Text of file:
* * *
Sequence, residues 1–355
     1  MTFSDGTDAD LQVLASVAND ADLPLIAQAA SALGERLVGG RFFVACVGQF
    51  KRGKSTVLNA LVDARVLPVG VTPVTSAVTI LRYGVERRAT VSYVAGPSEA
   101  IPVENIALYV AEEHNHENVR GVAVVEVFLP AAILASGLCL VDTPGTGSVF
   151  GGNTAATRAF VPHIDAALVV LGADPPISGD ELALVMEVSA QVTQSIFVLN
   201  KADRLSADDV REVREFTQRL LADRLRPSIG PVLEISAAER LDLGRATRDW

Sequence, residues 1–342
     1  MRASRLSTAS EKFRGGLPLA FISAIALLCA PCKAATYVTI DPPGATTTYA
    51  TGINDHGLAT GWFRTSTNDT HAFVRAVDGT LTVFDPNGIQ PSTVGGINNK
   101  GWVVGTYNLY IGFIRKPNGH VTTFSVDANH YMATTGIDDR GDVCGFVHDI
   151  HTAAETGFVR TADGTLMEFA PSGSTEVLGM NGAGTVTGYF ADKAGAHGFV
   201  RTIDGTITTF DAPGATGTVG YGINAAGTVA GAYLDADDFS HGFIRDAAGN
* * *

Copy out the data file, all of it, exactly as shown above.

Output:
Sequence, residues 1–355
     1  MTFSDGTDAD LQVLASVAND ADLPLIAQAA SALGERLVGG RFFVACVGQF
    51  KRGKSTVLNA LVDARVLPVG VTPVTSAVTI LRYGVERRAT VSYVAGPSEA
   101  IPVENIALYV AEEHNHENVR GVAVVEVFLP AAILASGLCL VDTPGTGSVF
   151  GGNTAATRAF VPHIDAALVV LGADPPISGD ELALVMEVSA QVTQSIFVLN
   201  KADRLSADDV REVREFTQRL LADRLRPSIG PVLEISAAER LDLGRATRDW

Sequence, residues 1–342
     1  MRASRLSTAS EKFRGGLPLA FISAIALLCA PCKAATYVTI DPPGATTTYA
    51  TGINDHGLAT GWFRTSTNDT HAFVRAVDGT LTVFDPNGIQ PSTVGGINNK
   101  GWVVGTYNLY IGFIRKPNGH VTTFSVDANH YMATTGIDDR GDVCGFVHDI
   151  HTAAETGFVR TADGTLMEFA PSGSTEVLGM NGAGTVTGYF ADKAGAHGFV
   201  RTIDGTITTF DAPGATGTVG YGINAAGTVA GAYLDADDFS HGFIRDAAGN